[00:17:32] It’s actually extremely complex. And to say that there is going to are going to be people who take a naive approach to try to. Optimize these things from a single unit perspective, but that the real benefits and actually where higher performance comes from it, it’s not doing a single action, 5% better.


[00:17:53] It’s from completely rethinking how you do this thing so that you save 90% of the time. And that is the majority of what. Work has become is a lot less about these like individual roles with the individual output and have little interface with other things. It is increasingly more and more intermeshed work that the primary output is a collaborative product, which requires which higher performance there is about thinking differently and doing each radically differently rather than optimization. And I do think that is an important point.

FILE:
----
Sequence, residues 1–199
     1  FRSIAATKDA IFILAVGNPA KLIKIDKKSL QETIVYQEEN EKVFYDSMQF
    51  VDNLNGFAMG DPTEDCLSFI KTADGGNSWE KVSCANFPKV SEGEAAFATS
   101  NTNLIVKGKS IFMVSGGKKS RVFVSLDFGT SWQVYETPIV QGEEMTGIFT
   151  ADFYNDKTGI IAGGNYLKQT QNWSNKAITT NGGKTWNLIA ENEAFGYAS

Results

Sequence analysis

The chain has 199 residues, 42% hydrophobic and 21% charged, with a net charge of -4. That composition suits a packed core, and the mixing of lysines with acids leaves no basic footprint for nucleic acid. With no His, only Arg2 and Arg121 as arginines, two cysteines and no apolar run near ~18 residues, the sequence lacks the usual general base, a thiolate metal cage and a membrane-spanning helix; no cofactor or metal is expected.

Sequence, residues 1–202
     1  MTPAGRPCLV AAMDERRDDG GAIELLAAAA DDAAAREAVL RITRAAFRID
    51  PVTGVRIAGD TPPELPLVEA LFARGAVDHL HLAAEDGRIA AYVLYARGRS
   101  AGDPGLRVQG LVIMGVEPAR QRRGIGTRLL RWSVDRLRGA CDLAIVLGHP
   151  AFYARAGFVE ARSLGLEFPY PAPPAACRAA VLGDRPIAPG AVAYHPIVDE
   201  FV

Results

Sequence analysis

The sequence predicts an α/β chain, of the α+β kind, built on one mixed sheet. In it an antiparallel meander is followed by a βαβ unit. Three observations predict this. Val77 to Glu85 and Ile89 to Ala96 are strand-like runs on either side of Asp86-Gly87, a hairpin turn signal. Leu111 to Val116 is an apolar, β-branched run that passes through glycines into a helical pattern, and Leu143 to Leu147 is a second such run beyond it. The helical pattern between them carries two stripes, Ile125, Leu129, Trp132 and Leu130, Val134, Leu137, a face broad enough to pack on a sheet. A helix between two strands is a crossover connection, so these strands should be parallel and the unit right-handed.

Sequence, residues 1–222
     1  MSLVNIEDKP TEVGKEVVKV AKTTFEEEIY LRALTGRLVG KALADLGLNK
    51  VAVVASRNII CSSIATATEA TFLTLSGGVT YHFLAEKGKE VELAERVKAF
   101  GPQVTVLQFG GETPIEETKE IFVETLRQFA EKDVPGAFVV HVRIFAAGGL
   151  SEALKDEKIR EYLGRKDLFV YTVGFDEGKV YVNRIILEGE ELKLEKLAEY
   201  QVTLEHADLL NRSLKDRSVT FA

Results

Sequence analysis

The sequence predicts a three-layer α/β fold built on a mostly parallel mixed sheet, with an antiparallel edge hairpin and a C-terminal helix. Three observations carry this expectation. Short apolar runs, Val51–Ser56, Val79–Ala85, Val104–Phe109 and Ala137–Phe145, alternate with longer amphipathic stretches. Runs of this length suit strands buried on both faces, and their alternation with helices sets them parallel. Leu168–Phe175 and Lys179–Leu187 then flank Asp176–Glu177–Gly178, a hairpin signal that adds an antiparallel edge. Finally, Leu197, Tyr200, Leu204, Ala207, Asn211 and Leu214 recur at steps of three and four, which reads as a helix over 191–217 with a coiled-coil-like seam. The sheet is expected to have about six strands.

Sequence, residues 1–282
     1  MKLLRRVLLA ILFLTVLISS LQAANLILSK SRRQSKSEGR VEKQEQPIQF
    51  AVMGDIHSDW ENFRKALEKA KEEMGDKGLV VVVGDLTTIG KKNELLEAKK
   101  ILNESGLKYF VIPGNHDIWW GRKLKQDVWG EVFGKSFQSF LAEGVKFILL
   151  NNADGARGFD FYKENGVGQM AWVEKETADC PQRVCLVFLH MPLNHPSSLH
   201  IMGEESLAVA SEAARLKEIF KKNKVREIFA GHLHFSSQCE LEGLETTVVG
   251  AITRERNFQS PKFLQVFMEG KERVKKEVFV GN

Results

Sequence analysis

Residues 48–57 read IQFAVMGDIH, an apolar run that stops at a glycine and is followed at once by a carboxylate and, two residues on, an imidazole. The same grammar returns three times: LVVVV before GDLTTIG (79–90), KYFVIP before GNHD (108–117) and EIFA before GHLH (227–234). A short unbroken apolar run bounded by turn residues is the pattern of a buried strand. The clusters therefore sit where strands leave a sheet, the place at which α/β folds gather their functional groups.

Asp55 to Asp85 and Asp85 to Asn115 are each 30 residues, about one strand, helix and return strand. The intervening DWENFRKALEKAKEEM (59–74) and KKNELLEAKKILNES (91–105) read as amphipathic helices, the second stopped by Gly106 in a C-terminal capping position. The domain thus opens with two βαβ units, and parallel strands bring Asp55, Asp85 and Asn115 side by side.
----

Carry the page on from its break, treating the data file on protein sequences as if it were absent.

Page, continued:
[00:18:31] John Sumser: So, let me shift just a little bit further. You’ve been doing some work with organizational health about that. Tell me if you’re comfortable with where the science of organizational health is.


[00:18:43] Ben Waber: I mentioned it a little bit earlier. It’s something where we have, we’ve been very cautious about this because we wanted to make sure that if we’re going to put a stake in the ground on organizational health, that we have enough data structure that when we get.


[00:19:00] Yeah, new customers, or when we get new data from existing customers, that it doesn’t change. The distributions don’t change very much and we don’t have to get into the, you know, mathematical explanation, but why that is. But it is really important for us to make sure that we were doing something valid.